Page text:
Interactive Post of the Day: De-wonkifying Transit

Icon courtesy of Railvolution (http://www.railvolution.org/conference-program/schedule-of-events/all-days)

Thanks to the timely arrival of Damien’s adorable package of sugar and spice and all that is nice, I was asked to take his place on a panel at the Railvolution conference.

The panel, titled “The Blogosphere: Transforming the Information Landscape,” was headed up by moderator Jeff Wood of Reconnecting America. Over the course of an hour and a half, Jeff led myself, Steve Hymon of The Source, and Matthew Johnson of Greater Greater Washington through a discussion of everything ranging from the impact blogs and social media can have on policy decisions to how to deal with commenting trolls.

Not unexpectedly, the room was filled with transit-enthusiasts, most of whom not only are voracious consumers of blogs and transit news but also have a very active online presence. Very active. Some were live-tweeting our discussion. One even tweeted the panel a question, despite the fact that there were only 30 people in the room and jumping in with a question was a fairly easy proposition.

This was a totally new experience for me. I am new to getting my hands dirty with regard to the intricacies of transit policy. Truth be told, I don’t always enjoy it. Although transit discussions are about finding the best way to move humans through space and, increasingly, about making the human experience better through the creation of more livable communities, people often seem to be absent from policy debates and planning.

I’m not alone in finding the transit world a little tough to wrap my arms around. The question came up for the panel about how to make discussions of regulations and technical specifications less intimidating for outsiders to the field looking to dabble in what is happening in their cities.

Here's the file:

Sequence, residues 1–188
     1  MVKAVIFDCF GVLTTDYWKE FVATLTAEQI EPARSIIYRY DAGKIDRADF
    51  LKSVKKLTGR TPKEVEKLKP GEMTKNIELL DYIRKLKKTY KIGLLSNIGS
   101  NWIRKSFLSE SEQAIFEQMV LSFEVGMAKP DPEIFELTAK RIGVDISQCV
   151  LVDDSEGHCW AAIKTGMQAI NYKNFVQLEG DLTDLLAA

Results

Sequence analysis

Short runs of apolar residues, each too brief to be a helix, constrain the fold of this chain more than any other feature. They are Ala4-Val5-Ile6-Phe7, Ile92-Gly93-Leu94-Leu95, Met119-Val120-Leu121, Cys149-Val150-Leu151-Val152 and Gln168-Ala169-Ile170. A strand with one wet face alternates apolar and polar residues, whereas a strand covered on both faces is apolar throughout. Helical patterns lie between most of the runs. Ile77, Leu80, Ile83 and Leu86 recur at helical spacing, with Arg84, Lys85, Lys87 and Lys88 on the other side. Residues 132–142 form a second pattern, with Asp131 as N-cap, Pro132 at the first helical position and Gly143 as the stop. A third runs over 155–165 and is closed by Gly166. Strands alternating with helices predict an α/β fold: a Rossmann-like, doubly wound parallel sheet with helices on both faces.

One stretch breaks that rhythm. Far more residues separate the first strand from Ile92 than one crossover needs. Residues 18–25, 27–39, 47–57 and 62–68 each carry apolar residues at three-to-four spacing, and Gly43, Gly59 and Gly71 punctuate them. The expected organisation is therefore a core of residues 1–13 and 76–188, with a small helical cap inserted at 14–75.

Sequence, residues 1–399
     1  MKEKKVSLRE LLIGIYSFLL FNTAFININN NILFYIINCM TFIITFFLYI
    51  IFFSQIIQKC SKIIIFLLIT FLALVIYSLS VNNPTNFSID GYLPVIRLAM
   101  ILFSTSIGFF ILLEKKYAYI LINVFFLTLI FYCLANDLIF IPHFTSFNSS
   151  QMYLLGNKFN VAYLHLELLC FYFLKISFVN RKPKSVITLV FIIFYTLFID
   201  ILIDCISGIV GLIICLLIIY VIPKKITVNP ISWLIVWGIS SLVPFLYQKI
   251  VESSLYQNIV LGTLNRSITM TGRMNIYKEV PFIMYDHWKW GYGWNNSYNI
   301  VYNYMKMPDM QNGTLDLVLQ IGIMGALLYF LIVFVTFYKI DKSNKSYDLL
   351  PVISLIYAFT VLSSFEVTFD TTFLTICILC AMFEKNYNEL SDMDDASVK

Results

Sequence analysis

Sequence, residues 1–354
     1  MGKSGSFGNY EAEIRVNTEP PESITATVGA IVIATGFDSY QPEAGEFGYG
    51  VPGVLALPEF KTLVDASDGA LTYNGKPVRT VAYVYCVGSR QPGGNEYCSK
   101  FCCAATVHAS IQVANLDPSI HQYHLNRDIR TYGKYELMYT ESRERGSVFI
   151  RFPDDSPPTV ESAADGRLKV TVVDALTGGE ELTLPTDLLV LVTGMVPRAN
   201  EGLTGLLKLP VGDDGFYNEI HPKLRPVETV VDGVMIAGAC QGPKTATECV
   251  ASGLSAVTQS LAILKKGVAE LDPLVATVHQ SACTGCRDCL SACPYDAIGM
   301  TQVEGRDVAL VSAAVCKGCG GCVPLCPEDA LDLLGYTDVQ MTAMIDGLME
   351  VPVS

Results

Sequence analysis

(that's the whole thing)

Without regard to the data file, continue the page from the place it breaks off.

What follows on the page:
Hymon said he’d been struggling for years to get Metro to use plain English, citing a fight over something as simple as using “entrance staircase” in place of “entrance portal.”

A member of the audience said they were interested in making transportation more fun, My Drunk Kitchen-style. They imagined “Transportini” videos in which they would get transit officials and advocates drunk, and have them explain issues or plans in entertaining ways.

As someone who covers low-income communities of color, I suggested, first, that we are too reliant on online communication and discussion forums. Many people in South L.A. are not online or, if they are online, they have different use-patterns. Limited time, education, and connectivity mean that transit blogs are probably not the first place they head once online. They may not even be aware that such blogs are out there. Most are only available in English. The result is that the very group that comprises the bulk of transit riders is largely absent from the debates about how to move the system forward.

Second, I argued there needs to be more room within the community for the incorporation of issues of race and class into reasoned discussions about policy. Such issues matter because lower-income riders have fewer choices with regard to the way they move around the city, and they often have different needs and use-patterns than riders who actively choose mass transit or use it for recreational trips. Moreover, issues of race and class can impact some people’s decision not to take transit. But honest discussions about these issues are hard to have, even among well-intentioned advocates. My own experience has been that when they are brought up as observations, they can sometimes be interpreted as accusations. Or, they are brought up as outright accusations and are grounded more in perceptions than in facts. In either case, it can shift the tone of a discussion to a defensive one and move the debate away from the actual subject matter being discussed.

Finally, part of bringing lower-income transit users into discussions requires greater active engagement of them. If I want to know how well regular low-income riders are able to navigate their way through the TAP system, for example, I have to camp out at a Blue Line stop for a few hours and talk to users face-to-face. We can’t expect them to come to us or call Metro with complaints.

But lower-income riders are not the only group missing from policy discussions. And, added Johnson, we don’t want to “dumb down” or over-simplify information about complex subjects just to reach a wider audience, whomever they may be.

So what’s the solution? How would you suggest that transit bloggers and advocates could get their message out to a wider audience? What drew you in? How do you try to reach out to others? Let us know in the comments.

 

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